Between April 1888 and February 1891, eleven women were brutally murdered in London’s East End. The blood-red signature on a letter to the press gave the killer a name that has become an indelible part of London’s identity: Jack the Ripper.
Bringing together surviving original documents for the first time, including police files, photographs, and letters from the public, Jack the Ripper and the East End maps the world which witnessed the murders and was transformed by them.
Artefacts, including Charles Booth’s meticulously drawn maps of poverty, and oral history recordings from those who grew up in the East End around the time of the murders, throw sharp light on the slums of Whitechapel and on the grim lives of their inhabitants. A wretched maze of alleyways, courts and dead-ends, filthy doss houses and dwellings, formed a landscape of poverty which shaped restless, shifting communities.
Previously unseen photographs from the Museum’s archive vividly illustrate the destitution of the turn-of-the-century East End. The exhibition explores how the murders were a huge catalyst for change, creating public revulsion at the desperate state of life in the shadows of the world’s richest city.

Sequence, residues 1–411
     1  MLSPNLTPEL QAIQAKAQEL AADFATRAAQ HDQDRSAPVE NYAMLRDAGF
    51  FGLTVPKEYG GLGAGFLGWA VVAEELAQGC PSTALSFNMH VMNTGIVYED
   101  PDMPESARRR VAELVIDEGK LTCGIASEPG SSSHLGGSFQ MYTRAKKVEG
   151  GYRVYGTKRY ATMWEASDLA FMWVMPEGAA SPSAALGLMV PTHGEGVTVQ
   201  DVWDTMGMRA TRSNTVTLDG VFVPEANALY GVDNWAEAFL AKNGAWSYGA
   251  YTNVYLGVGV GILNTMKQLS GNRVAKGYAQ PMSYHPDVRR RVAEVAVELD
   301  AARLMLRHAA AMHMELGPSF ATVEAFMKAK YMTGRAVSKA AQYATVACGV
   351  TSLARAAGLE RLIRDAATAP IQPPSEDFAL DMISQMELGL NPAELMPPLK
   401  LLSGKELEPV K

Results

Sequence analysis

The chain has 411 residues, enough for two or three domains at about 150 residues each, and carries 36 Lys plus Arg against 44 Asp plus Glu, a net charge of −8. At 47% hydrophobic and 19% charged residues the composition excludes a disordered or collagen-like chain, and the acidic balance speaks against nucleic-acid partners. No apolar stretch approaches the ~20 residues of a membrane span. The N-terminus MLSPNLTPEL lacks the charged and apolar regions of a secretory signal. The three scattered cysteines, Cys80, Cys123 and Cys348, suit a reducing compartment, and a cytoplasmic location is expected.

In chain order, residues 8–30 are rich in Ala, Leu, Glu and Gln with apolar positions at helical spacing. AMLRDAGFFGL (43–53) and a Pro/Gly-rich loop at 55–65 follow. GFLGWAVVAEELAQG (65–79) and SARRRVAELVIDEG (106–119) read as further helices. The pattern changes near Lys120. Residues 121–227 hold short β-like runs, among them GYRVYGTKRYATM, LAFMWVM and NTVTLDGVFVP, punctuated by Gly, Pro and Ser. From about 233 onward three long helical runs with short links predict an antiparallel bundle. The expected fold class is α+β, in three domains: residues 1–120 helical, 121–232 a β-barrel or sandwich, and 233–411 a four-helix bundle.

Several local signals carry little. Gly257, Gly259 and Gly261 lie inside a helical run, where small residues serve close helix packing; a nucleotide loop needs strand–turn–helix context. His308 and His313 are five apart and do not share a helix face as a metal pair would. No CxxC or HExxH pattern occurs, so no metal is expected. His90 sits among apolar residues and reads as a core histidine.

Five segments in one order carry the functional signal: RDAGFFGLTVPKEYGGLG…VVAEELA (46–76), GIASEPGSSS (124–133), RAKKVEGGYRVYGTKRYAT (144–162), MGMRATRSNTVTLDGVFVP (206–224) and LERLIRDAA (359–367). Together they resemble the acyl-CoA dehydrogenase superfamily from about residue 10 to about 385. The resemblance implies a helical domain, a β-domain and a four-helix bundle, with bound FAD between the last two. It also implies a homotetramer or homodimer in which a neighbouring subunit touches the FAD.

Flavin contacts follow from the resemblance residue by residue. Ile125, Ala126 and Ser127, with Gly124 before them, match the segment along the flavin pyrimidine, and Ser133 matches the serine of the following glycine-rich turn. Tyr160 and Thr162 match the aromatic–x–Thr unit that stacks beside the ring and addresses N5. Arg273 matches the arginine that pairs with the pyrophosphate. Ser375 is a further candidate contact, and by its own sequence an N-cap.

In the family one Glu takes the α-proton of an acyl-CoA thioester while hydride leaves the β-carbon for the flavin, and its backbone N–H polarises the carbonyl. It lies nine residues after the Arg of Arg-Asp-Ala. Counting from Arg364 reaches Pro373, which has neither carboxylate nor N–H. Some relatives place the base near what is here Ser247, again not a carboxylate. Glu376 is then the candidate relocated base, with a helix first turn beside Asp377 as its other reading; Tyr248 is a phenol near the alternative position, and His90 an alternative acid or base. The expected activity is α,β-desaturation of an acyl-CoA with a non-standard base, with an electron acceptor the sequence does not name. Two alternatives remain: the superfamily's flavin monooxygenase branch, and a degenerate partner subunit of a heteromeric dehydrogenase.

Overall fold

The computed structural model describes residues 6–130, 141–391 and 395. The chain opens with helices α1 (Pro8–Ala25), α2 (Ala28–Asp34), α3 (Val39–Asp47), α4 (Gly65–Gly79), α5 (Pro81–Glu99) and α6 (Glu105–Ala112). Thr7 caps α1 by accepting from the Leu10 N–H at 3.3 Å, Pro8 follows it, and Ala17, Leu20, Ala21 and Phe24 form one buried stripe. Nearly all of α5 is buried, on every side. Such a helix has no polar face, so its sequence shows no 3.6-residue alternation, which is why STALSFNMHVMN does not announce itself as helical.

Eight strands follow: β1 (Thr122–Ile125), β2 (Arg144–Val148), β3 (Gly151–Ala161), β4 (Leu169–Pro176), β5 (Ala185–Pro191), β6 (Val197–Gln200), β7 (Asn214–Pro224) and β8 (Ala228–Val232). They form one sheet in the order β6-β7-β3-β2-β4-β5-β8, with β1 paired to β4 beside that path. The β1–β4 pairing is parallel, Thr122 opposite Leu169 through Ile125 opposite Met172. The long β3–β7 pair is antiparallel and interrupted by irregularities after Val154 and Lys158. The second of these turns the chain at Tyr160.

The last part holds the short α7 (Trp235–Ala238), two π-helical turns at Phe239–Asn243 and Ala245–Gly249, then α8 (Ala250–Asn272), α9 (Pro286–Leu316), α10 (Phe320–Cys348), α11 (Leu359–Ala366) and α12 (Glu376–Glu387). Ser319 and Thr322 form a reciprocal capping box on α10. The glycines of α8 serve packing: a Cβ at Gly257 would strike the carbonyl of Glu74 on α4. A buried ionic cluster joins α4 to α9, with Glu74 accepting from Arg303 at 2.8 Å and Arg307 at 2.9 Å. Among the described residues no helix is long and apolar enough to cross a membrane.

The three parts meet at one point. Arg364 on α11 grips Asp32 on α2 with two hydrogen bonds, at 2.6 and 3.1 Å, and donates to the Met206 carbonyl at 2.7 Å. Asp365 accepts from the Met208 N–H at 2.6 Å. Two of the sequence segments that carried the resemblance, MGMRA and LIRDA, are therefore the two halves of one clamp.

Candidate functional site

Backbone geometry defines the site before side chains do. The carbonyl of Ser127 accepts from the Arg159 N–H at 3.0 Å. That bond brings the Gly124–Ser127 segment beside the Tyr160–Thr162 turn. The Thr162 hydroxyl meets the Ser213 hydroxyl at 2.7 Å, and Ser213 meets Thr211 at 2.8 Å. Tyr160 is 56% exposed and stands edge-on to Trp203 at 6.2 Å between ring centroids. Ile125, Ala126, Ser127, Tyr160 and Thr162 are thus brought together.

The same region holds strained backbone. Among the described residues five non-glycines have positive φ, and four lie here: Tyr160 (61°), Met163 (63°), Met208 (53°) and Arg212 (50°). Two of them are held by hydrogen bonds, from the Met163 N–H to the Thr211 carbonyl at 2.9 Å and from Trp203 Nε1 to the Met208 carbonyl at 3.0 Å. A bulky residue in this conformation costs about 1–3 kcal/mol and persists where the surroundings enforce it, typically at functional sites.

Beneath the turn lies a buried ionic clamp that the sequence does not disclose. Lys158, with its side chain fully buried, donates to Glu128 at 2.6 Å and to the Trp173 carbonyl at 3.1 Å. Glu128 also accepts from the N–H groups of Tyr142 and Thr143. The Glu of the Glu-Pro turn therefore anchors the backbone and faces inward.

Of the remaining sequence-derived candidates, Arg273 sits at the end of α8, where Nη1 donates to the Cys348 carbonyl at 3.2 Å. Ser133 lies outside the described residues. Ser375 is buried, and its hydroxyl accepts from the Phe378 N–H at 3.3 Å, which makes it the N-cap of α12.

The hard and precarious lives of the murdered women, who sold their bodies to pay for a bed and drink is traced in detail. Case histories from Stepney Union Workhouse records the sad and all too familiar paths which brought women to the workhouse, while objects attest to the limited options available for making a meagre living, from sweatshop tailoring to the phosphorus fumes of the match factory.
As Eastender Arthur Harding recalls in a recording in the exhibition:
“…poor old Mary Kelly, she’d take them up to her room. She had a room in Dorset Street, she probably paid about two bob a week. I think she did pay, a shilling a night she paid. But see she hadn’t paid her rent, so poor cow she was, you know what I mean, she was right down to her bottom, nothing.”
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